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Can New York Horse Owners Be Liable When Their Horses Stray From Property Owned By Others?

February 25, 2022

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<p style="text-align: justify;">In <a href="https://www.wcmlaw.com/wp-content/uploads/2022/02/Saddlemire-v.-Hunsdon.pdf"><em>Saddlemire v. Hunsdon</em></a>, No. 532527, 2022 WL 398883, at *1 (N.Y. App. Div. Feb. 10, 2022), the New York Appellate Division, Third Department, recently addressed the potential liability of the owners of horses who strayed from the property on which they were kept. In that case, two horses were being boarded on a horse farm owned by the defendants. The horses ventured off the farm and collided with plaintiff, who was riding on a motorcycle. Plaintiff sued the owners of the horse farm for negligence, and the owners filed a third-party action against the horse owners. The horse owners filed a motion for summary judgment, arguing that the accident was not caused by their conduct. In opposing the motion, the property owners argued that the horse owners were on the farm on the date of the accident and that their performance of various chores in exchange for rent created a duty of care.</p>
<p style="text-align: justify;">In addressing the liability issues, the court generally noted that a landowner or animal owner may be held liable under ordinary tort principles when a domestic farm animal negligently strays from the property on which the animal is kept. This includes a negligence claim against the animal’s owner if the animal wanders unattended on a road and causes an accident. However, such a claim may be rebutted where it is established that the animal’s presence on the highway was not caused by the owner’s negligence.</p>
<p style="text-align: justify;">Applying these principles to the case, the court found that the horse owners did not contribute to plaintiff’s injuries and were not liable for negligence. The evidence established that the horse owners were present on the farm the morning of the accident and observed the horses fenced in the field but did not have an obligation to maintain or inspect the fence. The property owners also testified that they inspected the property the morning after the incident and observed that the gates were closed, and the fence was intact.</p>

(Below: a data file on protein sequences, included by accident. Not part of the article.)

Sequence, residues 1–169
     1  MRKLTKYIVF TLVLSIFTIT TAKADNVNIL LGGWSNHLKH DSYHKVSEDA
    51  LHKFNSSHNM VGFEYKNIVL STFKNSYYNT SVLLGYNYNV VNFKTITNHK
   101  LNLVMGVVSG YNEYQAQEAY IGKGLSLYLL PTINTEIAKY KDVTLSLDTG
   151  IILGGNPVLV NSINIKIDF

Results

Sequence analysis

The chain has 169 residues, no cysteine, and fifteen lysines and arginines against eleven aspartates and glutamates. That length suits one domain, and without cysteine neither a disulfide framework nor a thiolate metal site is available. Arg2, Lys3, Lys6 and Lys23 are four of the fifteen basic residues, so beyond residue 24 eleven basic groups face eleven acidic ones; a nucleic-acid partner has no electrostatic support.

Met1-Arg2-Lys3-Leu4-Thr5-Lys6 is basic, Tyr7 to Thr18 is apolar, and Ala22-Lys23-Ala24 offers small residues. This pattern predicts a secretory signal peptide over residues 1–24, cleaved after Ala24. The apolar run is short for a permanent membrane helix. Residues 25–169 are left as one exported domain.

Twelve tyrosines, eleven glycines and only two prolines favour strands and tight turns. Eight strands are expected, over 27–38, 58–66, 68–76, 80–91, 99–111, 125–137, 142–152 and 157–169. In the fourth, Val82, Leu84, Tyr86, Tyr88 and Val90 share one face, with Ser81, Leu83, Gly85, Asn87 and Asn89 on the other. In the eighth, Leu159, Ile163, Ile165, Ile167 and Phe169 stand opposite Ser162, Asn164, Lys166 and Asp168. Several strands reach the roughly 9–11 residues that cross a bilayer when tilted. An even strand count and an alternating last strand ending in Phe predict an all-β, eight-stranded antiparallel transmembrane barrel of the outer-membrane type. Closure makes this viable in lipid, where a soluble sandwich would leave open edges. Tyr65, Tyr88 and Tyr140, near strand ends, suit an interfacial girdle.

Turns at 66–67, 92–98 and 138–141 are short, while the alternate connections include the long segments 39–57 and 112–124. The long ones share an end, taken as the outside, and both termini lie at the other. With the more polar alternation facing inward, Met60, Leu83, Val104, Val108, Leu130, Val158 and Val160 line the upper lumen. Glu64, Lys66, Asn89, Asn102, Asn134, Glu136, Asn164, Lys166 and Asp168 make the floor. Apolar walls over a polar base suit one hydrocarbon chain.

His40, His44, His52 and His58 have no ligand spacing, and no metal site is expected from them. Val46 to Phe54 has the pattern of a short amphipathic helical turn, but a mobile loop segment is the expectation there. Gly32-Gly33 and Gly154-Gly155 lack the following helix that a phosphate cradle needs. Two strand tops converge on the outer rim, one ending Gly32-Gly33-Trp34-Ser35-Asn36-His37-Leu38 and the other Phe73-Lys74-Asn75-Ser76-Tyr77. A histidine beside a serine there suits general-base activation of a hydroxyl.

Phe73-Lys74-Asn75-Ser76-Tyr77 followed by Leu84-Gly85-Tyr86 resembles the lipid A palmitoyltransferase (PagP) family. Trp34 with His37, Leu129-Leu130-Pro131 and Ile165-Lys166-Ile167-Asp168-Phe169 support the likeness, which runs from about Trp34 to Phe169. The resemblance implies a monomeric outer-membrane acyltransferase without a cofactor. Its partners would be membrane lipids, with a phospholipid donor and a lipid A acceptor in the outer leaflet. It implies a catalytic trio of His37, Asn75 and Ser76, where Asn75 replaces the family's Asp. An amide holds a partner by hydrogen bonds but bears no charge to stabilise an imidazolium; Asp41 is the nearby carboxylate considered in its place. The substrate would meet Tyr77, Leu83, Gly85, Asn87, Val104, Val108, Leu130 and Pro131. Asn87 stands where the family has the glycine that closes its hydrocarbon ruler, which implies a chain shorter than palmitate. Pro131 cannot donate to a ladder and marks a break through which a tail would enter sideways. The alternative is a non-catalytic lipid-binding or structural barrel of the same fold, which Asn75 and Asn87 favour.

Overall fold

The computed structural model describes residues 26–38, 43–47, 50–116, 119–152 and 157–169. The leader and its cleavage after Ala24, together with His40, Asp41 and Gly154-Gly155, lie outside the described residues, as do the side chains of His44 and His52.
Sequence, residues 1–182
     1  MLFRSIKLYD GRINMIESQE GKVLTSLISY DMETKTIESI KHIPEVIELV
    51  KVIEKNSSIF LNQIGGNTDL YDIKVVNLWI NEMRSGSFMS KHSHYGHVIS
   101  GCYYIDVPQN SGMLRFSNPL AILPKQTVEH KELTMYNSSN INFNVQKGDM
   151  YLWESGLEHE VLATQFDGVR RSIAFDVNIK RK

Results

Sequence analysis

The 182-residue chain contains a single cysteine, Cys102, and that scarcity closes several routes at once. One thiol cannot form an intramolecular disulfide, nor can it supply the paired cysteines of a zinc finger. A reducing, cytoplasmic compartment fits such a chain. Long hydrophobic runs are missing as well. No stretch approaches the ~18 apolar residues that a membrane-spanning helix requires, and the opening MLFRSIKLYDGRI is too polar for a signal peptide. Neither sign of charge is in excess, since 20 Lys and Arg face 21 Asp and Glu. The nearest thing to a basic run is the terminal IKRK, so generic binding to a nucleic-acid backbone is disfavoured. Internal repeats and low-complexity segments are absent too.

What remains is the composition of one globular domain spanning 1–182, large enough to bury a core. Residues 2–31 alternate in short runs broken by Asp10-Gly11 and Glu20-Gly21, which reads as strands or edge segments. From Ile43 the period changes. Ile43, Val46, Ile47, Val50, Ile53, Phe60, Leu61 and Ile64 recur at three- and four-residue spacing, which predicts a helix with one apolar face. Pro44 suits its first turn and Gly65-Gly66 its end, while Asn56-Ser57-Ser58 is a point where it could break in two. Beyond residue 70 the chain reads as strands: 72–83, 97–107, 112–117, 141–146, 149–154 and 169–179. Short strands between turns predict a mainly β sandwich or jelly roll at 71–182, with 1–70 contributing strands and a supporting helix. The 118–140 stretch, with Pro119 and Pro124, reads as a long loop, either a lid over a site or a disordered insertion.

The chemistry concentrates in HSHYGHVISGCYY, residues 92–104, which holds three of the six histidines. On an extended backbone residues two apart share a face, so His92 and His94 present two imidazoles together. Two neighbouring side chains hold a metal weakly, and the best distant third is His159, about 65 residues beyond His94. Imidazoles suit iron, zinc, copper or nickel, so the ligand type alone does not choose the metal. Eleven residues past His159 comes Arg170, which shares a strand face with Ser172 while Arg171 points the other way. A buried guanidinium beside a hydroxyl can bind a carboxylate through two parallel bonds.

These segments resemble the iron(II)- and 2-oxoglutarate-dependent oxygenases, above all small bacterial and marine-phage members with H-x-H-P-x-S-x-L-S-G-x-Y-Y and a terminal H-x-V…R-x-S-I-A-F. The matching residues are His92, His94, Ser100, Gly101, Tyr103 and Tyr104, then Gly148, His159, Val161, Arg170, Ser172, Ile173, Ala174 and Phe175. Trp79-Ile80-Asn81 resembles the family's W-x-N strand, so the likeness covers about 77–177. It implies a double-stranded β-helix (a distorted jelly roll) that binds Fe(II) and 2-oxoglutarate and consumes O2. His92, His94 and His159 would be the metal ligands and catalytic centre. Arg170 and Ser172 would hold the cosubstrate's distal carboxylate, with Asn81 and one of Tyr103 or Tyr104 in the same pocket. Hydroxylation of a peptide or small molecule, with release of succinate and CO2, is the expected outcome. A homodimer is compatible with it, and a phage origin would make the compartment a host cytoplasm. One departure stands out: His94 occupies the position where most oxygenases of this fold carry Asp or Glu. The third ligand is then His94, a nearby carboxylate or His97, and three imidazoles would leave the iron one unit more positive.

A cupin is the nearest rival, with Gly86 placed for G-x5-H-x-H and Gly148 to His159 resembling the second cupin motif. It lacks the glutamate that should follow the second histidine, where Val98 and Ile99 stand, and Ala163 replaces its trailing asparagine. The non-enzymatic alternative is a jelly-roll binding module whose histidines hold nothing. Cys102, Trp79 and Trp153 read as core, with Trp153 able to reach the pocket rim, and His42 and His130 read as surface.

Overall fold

<p style="text-align: justify;">Given such evidence, the court held that the horse owners sufficiently rebutted the presumption of negligence and demonstrated their entitlement to judgment as a matter of law. The court found that the horse owners had no duty to repair the fence since the property owners retained control of the premises, and that their mere presence on the farm and speculation as to what they may have done was not enough to hold them liable.</p>
<p style="text-align: justify;">The <em>Saddlemire</em> case makes it clear that a property owner and horse owner may both be liable for accidents or damage caused by stray horses although a horse owner’s liability hinges on whether they contributed to the accident in some way.</p>
<p style="text-align: justify;">Thank you to Gabriella Scarmato for her contribution to this post. Please contact <a href="mailto:agibbs@wcmlaw.com">Andrew Gibbs</a> with any questions.</p>

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